Instead, opt for a gingerbread loaf throughout the holidays, according to. This variation includes many of the same flavours as traditional fruitcake, such as cinnamon and nutmeg, but with "far less sugar," according to the recipe. If you want to prepare something special for the holidays, the site also has a pumpkin gingerbread loaf recipe.

Zucchini Noodles compared. Traditional Pasta

Pasta is always a hit because it's tasty, filling, and economical (unless you order it from a nice Italian restaurant). Pasta, on the other hand, is a popular way to start holiday meals, and rich sauces and creams are frequently used to provide texture and flavour.

Instead of normal pasta noodles, recommends using “,” often known as “zoodles” (not to be confused with the popular canned pasta for kids). This variation, according to the source, has the same tomato and garlic flavour while also reducing “empty carbs” (25 grammes per 100 grammes in conventional pasta vs. 3.1 grammes per 100 grammes in zucchini) and increasing fibre.

Vegan Mushroom Gravy compared. Regular Gravy

It's easy to get carried away with conventional gravy, which can contain a variety of items such as meat, wheat, stock, butter, and a variety of other things. Although it may not appear like piling on the gravy is harmful, adds that it contains a “good amount of fat and sodium.”

While these items are potentially harmful to your health, the article claims that there is a vegan substitute that may be drizzled over your meal. To accentuate the “umami” flavour consumers associate with a good gravy, this alternative gravy incorporates mushrooms, red wine, and soy sauce. “It will also satisfy any vegetarian or vegan guests you may have,” the source says.

Champagne vs. Eggnog

This one caught us off guard because the source proposes substituting an alcoholic beverage for a non-alcoholic beverage that is popular during the holidays. However, a cup of alcohol-free eggnog has roughly 350 calories and 19 grammes of fat, not to mention 21 grammes of sugar, which justifies the shift.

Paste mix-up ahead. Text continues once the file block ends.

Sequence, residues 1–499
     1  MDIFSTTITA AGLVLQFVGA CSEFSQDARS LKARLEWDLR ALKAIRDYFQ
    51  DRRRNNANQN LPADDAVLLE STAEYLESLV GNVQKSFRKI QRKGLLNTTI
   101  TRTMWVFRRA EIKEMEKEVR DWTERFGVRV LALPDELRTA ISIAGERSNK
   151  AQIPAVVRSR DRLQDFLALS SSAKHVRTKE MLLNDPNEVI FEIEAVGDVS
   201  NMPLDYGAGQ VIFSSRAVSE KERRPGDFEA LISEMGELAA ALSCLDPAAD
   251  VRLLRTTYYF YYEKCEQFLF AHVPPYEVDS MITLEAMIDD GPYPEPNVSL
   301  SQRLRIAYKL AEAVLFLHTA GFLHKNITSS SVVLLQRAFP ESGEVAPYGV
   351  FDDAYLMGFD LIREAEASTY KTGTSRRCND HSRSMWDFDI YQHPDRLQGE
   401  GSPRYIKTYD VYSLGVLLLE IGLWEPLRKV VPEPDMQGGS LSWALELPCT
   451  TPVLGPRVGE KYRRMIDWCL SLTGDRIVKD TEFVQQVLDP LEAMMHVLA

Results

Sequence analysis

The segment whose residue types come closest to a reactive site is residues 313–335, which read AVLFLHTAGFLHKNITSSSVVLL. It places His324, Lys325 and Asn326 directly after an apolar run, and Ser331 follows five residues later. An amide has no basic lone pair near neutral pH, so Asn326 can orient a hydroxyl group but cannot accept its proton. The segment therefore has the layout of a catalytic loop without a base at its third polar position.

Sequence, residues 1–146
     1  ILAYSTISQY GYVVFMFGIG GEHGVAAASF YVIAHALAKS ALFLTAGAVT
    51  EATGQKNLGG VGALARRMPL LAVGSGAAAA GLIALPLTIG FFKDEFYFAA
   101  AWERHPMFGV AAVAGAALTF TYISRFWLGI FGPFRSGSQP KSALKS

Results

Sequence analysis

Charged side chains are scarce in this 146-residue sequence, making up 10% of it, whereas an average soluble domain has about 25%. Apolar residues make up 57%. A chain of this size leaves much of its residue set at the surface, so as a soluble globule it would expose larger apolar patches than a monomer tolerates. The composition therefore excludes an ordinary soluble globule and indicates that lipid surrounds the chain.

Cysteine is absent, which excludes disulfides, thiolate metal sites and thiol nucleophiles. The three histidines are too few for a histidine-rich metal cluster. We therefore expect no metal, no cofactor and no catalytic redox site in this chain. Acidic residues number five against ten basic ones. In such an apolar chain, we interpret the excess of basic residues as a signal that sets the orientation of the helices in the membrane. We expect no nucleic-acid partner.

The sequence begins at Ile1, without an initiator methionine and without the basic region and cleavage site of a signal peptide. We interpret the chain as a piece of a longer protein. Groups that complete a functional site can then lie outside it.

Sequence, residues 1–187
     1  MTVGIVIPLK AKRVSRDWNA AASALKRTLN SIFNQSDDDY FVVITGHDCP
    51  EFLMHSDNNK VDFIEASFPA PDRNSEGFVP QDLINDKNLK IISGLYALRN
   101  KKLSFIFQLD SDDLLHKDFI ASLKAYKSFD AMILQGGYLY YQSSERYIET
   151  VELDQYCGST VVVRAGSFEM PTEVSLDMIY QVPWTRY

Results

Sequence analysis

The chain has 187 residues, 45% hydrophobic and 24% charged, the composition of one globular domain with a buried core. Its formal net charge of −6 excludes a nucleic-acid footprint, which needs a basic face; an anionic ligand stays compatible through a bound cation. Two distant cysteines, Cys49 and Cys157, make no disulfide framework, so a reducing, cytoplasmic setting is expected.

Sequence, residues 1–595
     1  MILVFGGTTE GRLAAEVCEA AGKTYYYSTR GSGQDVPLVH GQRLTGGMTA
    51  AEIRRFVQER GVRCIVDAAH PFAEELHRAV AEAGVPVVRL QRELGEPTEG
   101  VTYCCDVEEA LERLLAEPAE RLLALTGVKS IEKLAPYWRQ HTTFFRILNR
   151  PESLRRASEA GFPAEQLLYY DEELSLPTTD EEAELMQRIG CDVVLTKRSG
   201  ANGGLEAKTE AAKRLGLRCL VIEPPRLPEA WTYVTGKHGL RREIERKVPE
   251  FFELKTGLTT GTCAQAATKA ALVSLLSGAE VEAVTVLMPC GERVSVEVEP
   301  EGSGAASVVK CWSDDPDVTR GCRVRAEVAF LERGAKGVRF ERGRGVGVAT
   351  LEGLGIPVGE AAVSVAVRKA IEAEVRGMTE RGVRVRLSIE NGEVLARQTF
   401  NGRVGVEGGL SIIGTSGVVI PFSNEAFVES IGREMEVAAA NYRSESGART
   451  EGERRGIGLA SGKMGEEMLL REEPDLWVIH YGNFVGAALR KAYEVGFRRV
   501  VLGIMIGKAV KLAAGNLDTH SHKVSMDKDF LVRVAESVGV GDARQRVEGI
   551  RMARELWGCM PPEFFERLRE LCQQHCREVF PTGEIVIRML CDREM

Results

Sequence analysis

It recommends champagne instead because it contains far fewer of those ingredients, and the frothy aspect of the drink will help you take slower sips. It does caution that the carbonation “may cause you to bloat a little,” and that there are other things to consider when it comes to alcoholic beverages.

Dark Turkey Meat vs. White Turkey Meat: What's the Difference?

So, if you don't want to throw out the meat from your Christmas dinner, that's fine. However, according to EveryDay Health, there are methods to substitute holiday favourites like turkey without compromising the flavour, such as presenting white meat instead of dark.

According to the site, black flesh has around 2-times more fat than white turkey breast, as well as about 40% more calories. For a better contrast, a 3.5-ounce portion of dark meat (skin on) has roughly 230 calories, while the same amount of white meat has about 160 calories (which also has less saturated fat according to the source).

Pumpkin Pie vs. Pecan Pie

Let's not pretend that you won't be eating a lot of desserts in the near future. With that in mind, the way you finish your meal can make a major difference in the total number of calories you consume and the other things you don't want to consume in large quantities.

compares and contrasts these pies by highlighting their benefits and drawbacks. It mentions that one disadvantage of pecan pie is that it might contain up to 550 calories (although pumpkin pie can hit about 500-calories when you pile on whipped cream or ice cream, it adds). However, pie has the added benefit of helping you meet your weekly orange vegetable requirement of two cups, as well as being high in vitamin A and lutein.